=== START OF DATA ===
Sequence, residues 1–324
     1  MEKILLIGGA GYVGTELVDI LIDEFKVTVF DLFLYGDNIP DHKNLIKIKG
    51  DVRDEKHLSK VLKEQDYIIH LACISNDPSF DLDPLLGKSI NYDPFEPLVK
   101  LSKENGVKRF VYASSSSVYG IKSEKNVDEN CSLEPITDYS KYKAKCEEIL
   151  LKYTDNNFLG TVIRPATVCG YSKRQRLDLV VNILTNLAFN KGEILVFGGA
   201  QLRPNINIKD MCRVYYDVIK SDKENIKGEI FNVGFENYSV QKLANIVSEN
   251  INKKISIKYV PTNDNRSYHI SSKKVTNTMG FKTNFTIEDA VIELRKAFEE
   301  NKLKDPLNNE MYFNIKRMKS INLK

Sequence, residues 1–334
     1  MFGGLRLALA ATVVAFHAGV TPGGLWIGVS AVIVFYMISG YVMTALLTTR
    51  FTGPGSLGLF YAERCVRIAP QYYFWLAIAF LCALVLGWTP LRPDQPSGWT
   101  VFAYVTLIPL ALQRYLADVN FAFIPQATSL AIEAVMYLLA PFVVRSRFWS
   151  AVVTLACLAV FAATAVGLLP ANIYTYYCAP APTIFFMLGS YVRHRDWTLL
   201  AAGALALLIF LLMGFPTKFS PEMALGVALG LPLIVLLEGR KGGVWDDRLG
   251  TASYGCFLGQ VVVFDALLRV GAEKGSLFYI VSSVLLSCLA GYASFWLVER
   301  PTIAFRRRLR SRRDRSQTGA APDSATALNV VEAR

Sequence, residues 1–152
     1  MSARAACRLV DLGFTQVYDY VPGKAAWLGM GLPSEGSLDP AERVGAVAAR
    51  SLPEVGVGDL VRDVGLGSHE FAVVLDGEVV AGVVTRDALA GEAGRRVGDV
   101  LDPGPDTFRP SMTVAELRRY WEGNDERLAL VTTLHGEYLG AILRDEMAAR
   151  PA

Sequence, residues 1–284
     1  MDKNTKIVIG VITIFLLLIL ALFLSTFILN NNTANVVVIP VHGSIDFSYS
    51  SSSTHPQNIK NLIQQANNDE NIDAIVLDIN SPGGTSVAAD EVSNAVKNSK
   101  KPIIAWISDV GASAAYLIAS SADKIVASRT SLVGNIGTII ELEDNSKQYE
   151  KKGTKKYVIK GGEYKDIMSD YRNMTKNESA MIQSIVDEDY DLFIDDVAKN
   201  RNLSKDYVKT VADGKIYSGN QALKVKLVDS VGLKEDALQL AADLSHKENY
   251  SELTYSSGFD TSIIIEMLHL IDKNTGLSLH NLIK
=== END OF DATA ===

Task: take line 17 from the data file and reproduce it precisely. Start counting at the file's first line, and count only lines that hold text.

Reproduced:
Sequence, residues 1–152